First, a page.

“Ungrading”: Students assigning their own grades

The Chronicle of Higher Education takes a look at Louis Epstein’s “ungrading” experiment:

Louis Epstein has long been frustrated by grades. Grading systems are somewhat arbitrary, says Epstein, an assistant professor of music at St. Olaf College, “even if we bend over backward to try to make them transparent and objective and fair.” Students, meanwhile, are conditioned to pay a lot of attention to their grades, sometimes at the expense of their learning.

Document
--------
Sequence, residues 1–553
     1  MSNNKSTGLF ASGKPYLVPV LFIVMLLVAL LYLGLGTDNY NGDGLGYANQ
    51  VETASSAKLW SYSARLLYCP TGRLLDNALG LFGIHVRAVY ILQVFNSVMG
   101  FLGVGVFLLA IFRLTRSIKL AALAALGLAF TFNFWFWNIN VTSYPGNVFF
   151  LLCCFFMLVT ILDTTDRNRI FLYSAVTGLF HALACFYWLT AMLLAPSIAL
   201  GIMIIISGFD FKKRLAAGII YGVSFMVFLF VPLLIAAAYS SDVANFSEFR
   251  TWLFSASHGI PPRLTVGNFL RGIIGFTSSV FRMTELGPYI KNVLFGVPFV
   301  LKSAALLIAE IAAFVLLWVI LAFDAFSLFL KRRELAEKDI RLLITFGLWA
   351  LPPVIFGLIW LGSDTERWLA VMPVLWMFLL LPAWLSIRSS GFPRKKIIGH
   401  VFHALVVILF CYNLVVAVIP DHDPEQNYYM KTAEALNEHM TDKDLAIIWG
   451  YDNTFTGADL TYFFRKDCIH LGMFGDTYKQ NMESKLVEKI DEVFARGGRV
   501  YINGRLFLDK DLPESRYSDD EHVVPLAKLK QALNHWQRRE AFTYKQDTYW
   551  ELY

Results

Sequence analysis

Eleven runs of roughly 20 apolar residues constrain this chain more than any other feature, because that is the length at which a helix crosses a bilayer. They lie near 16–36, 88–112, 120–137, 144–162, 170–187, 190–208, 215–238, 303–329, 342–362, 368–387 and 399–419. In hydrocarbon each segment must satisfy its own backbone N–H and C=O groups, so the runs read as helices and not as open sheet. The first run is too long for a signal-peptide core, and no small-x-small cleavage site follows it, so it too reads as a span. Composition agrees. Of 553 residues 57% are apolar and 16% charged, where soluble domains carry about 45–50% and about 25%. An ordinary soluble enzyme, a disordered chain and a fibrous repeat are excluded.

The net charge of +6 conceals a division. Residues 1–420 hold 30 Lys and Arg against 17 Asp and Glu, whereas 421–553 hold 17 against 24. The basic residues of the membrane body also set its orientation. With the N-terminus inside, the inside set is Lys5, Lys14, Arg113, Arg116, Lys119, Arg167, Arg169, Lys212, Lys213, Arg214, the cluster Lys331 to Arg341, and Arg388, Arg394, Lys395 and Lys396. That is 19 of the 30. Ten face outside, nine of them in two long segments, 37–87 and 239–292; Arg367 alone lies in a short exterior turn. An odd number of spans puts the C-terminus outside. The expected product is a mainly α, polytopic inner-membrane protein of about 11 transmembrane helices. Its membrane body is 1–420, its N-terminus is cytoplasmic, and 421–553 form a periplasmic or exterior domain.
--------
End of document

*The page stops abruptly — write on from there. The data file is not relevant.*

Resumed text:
In the beginning, students were anxious about assigning their own grades, Melby says — something I’ve heard from other professors who’ve tried ungrading. They asked questions, Epstein says, like: “How will I know what number I should give myself?” — a reminder that they’re accustomed to external evaluation. Throughout the course, the instructors emphasized that evaluating one’s own work is a useful skill in the professional world.

What isn’t mentioned is how the students’ self assigned grades deviated at all from what Epstein might have given anyway or if his university’s administration had any objections or concerns about ungrading. Still, I’m curious to try this.

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